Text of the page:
Obama and P-Noy – the feeling is mutual
AS A MATTER OF FACT - Sara Soliven De Guzman (The Philippine Star) - April 28, 2014 - 12:00am

Today we welcome the American President to our shores. Our long lost brother is back. The question is – why?

With our present situation and predicament, I think P-Noy has no other choice but to welcome America with open arms. We should eat our pride and face the sad reality that we can’t really handle China all by ourselves. In order to save our interest we need a stronger power to back us up and America is offering exactly what we need at this point in time.

On the other hand, America needs us. Our strategic terrain is the best in Asia. First of all, they have mastered our land and waters. Second, they have existing military structures (former US bases). Third, the Filipinos are like brothers to them more than other Asian countries.

When Filipinos are suspicious of a relationship, we say, there seems to be a “mutual understanding” going on. And this seems to be the description of the relationship we have right now with America. Yup! P-Noy and Obama have some sort of a mutual relationship. Don’t take it literally! This is about two countries obviously liking each other but with no commitment yet, whatsoever.

Today, we will listen to the words of our President. We shall observe how he will welcome President Obama. His words will give us a clue as to what kind of relationship they are about to embark on. On his part, the American President will respond and we shall know his country’s intent in returning to the Philippines.

President Obama has been vocal about his plan to visit the Philippines. In several occasions, his planned trips have been cancelled for one reason or another. I hope he arrives today.  As the saying goes, “if it’s meant to be it will happen.”

A little backgrounder of the American president may help us understand why he is strengthening American ties with East Asia and the Philippines. President Barack Obama is the 44th president of the United States of America. He assumed his presidency in 2009 and was re-elected in November 2012. During his term as President, he saw the emergence of China as an economic and military threat to the superpowers of the world and to its Asian neighbors. Obama knew that he needed to build a stronger relationship with China and its neighbors in order to develop and maintain stable relations in the region. In the past, the Sino-American relations have always been characterized as competitive. But both countries have been quite wary of each other. They have been cautious not to disturb that complicated friendship they have created since the late nineteenth century.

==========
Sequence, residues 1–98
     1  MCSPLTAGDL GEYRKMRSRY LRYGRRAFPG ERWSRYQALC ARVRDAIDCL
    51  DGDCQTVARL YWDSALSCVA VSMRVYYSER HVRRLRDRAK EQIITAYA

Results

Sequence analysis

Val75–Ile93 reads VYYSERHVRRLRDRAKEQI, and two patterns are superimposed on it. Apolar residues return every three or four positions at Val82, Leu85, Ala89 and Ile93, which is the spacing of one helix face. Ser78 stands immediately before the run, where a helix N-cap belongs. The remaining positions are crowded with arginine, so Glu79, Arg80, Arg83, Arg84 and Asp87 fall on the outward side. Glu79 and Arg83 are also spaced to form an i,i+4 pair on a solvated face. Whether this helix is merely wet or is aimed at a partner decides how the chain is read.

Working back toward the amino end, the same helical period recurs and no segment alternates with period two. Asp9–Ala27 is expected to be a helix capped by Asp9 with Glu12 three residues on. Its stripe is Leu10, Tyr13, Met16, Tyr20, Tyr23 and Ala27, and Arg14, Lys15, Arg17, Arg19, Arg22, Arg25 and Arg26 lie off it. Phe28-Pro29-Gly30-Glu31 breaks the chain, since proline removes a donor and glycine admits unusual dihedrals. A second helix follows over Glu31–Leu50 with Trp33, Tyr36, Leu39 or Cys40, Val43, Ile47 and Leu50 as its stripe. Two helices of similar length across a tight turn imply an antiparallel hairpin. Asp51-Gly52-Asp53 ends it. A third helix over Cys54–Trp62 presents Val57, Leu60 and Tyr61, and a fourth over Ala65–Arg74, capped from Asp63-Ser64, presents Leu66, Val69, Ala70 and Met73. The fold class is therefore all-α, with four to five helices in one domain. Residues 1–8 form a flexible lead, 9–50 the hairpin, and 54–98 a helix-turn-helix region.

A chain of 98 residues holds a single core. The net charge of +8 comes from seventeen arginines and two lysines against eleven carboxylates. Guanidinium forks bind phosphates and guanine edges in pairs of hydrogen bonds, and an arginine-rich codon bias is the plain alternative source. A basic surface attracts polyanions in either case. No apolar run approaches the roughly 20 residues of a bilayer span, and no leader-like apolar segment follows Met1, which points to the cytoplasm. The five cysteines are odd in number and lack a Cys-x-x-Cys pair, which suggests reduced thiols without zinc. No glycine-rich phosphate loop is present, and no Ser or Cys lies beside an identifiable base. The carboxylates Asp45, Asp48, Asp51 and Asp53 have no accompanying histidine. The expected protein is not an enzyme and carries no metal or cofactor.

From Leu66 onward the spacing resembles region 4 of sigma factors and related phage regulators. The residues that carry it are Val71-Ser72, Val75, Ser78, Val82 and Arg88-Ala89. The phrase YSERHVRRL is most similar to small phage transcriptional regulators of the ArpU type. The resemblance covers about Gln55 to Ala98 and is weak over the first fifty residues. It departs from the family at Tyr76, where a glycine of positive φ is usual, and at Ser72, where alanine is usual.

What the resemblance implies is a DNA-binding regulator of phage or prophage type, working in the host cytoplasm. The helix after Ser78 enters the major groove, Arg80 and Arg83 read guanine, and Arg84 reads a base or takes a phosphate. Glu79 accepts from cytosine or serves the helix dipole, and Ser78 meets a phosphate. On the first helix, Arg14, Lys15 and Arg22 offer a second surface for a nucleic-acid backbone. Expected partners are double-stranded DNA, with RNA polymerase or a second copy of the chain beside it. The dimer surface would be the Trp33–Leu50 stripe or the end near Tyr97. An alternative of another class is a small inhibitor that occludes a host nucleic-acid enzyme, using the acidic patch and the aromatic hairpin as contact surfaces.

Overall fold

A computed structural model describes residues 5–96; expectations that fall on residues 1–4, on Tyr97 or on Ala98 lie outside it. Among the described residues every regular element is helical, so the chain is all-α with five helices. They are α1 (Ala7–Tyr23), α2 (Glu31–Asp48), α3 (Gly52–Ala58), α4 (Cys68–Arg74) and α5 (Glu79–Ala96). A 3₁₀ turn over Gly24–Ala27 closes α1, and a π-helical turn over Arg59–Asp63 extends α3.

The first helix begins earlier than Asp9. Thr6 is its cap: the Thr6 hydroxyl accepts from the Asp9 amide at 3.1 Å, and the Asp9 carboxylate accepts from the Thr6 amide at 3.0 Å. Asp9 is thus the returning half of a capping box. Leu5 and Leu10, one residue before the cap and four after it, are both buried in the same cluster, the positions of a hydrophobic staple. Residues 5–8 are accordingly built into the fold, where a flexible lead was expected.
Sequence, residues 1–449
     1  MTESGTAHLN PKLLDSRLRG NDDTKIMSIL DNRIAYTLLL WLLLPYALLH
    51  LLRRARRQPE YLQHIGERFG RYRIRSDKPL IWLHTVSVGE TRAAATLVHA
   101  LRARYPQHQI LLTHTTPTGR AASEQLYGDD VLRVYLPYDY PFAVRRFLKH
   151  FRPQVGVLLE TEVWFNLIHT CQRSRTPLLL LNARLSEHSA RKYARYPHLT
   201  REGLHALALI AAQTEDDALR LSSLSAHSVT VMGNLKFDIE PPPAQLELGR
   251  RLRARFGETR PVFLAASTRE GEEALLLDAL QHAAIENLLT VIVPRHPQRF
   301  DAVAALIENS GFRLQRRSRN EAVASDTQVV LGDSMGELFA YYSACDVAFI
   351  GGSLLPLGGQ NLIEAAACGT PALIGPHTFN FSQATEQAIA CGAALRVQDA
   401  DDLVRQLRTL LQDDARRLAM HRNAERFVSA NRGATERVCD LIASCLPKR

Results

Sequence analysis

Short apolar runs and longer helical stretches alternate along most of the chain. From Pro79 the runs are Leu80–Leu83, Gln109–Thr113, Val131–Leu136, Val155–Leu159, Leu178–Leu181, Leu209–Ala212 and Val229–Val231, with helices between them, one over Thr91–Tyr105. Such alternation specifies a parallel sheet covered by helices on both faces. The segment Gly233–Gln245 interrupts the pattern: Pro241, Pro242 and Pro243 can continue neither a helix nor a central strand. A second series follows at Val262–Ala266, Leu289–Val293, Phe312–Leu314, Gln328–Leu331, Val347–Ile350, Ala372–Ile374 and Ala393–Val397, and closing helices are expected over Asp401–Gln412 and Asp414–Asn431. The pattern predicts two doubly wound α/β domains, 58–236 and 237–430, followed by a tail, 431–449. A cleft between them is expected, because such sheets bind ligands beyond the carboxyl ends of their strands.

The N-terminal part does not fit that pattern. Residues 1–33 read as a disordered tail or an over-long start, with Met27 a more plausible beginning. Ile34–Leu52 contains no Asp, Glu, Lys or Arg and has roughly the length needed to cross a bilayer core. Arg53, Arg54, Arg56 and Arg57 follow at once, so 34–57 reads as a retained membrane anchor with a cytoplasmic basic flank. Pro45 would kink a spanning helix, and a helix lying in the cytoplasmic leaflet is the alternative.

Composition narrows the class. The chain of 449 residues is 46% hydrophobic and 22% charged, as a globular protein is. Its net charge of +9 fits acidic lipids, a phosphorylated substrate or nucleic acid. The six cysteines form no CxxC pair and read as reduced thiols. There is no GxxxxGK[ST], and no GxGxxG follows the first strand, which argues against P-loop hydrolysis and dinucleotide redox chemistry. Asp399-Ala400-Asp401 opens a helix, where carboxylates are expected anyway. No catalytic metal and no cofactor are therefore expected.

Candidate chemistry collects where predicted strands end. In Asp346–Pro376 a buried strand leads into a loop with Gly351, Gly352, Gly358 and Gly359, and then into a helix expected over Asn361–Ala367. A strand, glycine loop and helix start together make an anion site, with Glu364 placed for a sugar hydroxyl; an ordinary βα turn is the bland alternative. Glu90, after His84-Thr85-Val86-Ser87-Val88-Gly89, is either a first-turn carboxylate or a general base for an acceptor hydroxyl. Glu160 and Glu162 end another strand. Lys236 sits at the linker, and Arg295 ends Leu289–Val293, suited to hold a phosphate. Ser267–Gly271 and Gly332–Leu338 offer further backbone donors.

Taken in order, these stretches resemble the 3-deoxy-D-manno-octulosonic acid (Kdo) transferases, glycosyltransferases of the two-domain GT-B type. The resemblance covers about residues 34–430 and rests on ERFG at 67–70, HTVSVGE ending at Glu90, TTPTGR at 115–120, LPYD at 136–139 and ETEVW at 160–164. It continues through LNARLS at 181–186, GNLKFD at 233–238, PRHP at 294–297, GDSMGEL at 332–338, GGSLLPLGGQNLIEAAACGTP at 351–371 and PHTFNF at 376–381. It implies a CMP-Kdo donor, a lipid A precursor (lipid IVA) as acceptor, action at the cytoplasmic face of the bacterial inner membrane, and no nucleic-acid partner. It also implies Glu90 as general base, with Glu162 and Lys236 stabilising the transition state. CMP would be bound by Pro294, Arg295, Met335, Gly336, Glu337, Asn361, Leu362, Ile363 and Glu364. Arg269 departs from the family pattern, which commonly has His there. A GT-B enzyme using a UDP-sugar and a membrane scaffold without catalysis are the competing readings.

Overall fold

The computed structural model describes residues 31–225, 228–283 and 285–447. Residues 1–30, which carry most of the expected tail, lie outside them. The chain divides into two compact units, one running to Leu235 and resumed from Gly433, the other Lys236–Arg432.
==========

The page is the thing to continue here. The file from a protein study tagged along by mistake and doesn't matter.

Reports say that in February 2012, during a Washington, D.C., visit, then Chinese Vice President Xi Jinping raised the prospect of “a new type of relationship between major countries in the 21st century.” As State Councilor Dai Bingguo said about the concept, “China and the US must create the possibility that countries with different political institutions, cultural traditions and different economic systems can respect and cooperate with each other.”

A year later, President Barak Obama and President Xi Jinping conducted an informal, “shirt-sleeve” summit in southern California to establish a solid working relationship between the two presidents. Then National Security Adviser Tom Donilon described the challenge facing President Obama and President Xi at the summit as “turning the aspiration of charting a new course for our relationship into a reality and to build out… the new model of relations between great powers.”